Haig would eventually gravitate to 52nd Street, then the center of New York’s jazz life, where he joined the band of guitarist Tiny Grimes. It was while playing with Grimes at The Spotlite Club that he met alto sax Charlie Parker. Parker asked him to join his group, which included Dizzy Gillespie on trumpet, Max Roach on drums, and Tommy Potter on bass; Haig was the only member not of African-American descent. The group rehearsed, then opened at the Three Deuces Club in 1945. It was the beginning of Haig’s long association with bebop.

After that gig ended the group broke up and Haig played for a while with Charlie Barnet’s big band. They re-formed in California to play at Billy Berg’s nightclub in Hollywood with Bud Powell on piano; Haig replaced Bud Powell, then returned to New York where he first joined Gillespie’s small group, then was reunited with Parker in a quintet that included Miles Davis on trumpet. Parker liked playing with Haig because, unlike Duke Jordan, his first pianist, Haig “stayed right where he was supposed to be” instead of trying to follow Parker’s rhythm. “Al looks after me so well,” Parker would say.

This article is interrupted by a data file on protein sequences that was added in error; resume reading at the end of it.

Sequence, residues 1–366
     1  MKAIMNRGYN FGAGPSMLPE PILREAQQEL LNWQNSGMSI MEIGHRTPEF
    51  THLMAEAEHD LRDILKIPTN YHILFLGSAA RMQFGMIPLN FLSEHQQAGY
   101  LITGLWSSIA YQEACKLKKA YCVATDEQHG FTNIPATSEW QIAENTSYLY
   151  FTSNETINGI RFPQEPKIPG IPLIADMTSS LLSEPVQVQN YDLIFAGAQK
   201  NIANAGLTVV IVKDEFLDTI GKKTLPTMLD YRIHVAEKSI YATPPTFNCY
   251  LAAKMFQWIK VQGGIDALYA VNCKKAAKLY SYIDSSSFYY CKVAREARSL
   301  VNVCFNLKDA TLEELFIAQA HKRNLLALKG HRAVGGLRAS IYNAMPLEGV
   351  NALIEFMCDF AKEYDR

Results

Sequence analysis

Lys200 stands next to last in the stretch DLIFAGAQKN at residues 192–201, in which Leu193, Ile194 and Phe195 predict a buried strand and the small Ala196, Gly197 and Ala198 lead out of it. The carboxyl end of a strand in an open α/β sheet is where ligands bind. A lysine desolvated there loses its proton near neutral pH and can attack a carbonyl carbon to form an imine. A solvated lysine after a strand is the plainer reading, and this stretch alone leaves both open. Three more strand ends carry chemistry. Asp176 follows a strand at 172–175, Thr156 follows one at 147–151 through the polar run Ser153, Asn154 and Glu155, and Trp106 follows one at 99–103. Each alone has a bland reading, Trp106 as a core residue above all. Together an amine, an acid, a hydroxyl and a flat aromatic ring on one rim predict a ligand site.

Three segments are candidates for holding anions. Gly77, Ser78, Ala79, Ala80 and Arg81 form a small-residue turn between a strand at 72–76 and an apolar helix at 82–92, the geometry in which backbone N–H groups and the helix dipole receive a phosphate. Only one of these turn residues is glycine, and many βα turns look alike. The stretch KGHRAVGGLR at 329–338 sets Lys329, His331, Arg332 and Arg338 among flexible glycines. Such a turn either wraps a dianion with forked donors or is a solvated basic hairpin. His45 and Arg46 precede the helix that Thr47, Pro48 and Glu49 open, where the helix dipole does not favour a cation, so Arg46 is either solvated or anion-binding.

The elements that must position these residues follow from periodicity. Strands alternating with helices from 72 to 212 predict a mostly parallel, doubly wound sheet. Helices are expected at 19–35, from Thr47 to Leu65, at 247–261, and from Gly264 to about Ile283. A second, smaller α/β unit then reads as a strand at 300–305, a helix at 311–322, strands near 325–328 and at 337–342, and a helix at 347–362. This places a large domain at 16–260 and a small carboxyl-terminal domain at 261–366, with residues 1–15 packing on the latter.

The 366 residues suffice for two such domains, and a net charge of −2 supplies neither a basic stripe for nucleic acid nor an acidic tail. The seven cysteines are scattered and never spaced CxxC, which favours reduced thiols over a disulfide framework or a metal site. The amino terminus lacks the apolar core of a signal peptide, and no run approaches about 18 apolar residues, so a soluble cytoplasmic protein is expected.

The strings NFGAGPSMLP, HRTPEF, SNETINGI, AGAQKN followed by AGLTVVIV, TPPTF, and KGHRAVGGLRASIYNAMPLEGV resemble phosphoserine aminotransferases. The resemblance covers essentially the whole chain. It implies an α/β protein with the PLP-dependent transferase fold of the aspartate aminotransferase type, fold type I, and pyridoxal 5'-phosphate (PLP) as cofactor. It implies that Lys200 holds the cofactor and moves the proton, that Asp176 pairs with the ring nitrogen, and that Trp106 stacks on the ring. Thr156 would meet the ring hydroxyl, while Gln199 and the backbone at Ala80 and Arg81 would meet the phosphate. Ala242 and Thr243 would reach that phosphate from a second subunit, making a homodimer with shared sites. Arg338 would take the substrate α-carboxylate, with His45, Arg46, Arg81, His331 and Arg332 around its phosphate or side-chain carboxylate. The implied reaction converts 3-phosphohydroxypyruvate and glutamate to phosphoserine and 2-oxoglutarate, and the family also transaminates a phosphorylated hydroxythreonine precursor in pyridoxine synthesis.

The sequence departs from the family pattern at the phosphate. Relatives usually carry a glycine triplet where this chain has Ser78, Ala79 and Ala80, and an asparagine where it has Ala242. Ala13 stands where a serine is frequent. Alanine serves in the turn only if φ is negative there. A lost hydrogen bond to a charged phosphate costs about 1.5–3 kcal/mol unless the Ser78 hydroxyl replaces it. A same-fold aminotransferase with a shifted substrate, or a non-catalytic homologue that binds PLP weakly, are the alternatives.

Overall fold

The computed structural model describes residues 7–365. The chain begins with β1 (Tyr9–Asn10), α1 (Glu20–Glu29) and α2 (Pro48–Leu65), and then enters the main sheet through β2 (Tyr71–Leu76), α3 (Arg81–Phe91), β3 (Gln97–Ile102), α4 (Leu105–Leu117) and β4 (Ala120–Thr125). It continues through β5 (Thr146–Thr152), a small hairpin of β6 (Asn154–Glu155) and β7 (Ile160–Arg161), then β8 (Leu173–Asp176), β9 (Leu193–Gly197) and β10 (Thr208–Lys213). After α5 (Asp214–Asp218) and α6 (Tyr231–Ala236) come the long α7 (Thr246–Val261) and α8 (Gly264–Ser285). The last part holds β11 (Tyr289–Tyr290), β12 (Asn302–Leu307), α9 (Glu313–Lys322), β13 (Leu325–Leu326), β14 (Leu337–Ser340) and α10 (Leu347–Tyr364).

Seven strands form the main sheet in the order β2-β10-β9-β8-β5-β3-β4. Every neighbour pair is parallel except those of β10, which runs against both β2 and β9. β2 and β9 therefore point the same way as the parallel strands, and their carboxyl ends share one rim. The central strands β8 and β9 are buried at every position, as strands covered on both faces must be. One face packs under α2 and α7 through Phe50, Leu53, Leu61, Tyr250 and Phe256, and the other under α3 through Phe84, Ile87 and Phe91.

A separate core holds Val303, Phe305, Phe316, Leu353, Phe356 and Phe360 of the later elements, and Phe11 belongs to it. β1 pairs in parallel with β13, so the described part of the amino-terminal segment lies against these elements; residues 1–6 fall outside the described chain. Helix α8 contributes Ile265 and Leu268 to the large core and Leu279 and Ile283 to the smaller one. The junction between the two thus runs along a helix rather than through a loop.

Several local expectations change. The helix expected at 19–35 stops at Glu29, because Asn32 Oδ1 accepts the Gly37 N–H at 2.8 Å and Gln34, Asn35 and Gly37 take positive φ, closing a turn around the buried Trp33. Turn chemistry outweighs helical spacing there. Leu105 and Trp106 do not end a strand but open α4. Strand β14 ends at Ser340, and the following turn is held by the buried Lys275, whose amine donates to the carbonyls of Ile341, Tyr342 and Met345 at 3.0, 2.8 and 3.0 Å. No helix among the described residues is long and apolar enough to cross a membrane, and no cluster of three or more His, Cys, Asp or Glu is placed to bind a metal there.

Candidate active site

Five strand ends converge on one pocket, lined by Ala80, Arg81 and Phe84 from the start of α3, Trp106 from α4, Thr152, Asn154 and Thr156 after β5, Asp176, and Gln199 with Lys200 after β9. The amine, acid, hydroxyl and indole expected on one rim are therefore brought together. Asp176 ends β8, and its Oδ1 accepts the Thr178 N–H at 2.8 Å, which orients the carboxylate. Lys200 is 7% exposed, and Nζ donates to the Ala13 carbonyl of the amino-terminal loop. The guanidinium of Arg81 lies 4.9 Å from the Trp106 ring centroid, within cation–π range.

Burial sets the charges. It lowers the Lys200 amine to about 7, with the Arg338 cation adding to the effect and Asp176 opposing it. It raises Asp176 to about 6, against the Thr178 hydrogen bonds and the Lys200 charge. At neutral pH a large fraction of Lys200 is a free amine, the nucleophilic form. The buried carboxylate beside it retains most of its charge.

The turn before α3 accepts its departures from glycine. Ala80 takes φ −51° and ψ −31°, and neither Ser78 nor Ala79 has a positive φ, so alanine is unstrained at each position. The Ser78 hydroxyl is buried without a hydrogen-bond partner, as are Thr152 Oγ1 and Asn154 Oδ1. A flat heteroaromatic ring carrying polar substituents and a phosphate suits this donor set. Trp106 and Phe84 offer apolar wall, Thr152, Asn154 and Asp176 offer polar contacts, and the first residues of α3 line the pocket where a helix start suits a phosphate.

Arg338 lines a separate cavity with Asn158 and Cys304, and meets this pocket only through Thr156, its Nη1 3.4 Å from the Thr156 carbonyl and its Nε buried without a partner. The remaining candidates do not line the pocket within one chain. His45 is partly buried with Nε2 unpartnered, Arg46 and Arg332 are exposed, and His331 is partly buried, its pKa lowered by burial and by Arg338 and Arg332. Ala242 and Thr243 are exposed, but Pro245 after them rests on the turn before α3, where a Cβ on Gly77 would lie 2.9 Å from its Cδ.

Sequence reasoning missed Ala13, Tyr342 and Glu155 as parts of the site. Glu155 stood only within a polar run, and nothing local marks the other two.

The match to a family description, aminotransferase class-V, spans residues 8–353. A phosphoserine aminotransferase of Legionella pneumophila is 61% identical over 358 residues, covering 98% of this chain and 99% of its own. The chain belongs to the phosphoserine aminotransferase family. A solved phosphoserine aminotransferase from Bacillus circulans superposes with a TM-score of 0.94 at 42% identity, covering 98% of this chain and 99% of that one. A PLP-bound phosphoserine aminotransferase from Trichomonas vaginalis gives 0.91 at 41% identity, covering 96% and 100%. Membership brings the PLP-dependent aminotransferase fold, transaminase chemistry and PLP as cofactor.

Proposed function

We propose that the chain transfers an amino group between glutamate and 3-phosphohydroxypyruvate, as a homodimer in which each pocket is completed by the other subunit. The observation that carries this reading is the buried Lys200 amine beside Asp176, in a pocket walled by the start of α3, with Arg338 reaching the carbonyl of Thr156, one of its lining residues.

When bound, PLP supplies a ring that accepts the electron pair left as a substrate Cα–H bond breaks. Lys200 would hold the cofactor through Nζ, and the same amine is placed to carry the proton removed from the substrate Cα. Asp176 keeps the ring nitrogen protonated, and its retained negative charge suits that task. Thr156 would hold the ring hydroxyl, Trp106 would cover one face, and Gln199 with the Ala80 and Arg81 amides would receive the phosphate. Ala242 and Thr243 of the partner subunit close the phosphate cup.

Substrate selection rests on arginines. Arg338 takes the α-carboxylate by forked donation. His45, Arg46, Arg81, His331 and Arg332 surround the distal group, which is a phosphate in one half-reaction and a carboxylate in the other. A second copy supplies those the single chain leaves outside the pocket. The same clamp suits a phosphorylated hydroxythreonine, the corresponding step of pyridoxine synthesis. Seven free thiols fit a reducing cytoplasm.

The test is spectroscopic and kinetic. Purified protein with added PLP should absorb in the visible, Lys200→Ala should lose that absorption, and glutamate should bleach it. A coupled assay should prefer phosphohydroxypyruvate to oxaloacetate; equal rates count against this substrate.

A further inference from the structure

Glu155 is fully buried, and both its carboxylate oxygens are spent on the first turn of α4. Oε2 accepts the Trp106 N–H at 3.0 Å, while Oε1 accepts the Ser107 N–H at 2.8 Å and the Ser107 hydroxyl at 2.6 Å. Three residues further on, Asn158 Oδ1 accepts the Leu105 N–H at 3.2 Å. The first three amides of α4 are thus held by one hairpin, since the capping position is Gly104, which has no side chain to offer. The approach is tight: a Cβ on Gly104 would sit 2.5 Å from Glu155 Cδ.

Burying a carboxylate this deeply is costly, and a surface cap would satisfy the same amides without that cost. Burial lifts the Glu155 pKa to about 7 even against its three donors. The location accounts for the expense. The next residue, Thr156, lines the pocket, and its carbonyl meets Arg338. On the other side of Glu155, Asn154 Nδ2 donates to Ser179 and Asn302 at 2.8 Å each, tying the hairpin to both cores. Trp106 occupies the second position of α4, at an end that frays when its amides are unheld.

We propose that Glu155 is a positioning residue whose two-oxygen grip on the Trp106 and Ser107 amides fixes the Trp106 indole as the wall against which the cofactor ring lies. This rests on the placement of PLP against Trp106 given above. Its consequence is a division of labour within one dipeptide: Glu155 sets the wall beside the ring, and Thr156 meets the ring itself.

Haig’s bebop credentials are thus impeccable; he was there at the beginning, albeit as a member of a minority group, one of a few white musicians (drummer Stan Levey and pianists George Wallington and Joe Albany were others) who were welcomed into the fraternity of rebels and innovators because of their technical skills, even if Haig’s style was less emotionally charged than the other boppers and didn’t swing quite as fluidly. Despite his acceptance by giants of the genre, Haig carried a chip on his shoulder. He complained of “crow jim”–his term for the “discriminatory activity in reverse”–that he felt white musicians were subjected to by Black musicians, critics, and fans who believed that their music couldn’t be authentic jazz given the color of their skin. While Haig said he was never personally discriminated against on the basis of race, he seems to have expended a great deal of energy dwelling on the subject for someone who claimed not to have been bothered by it.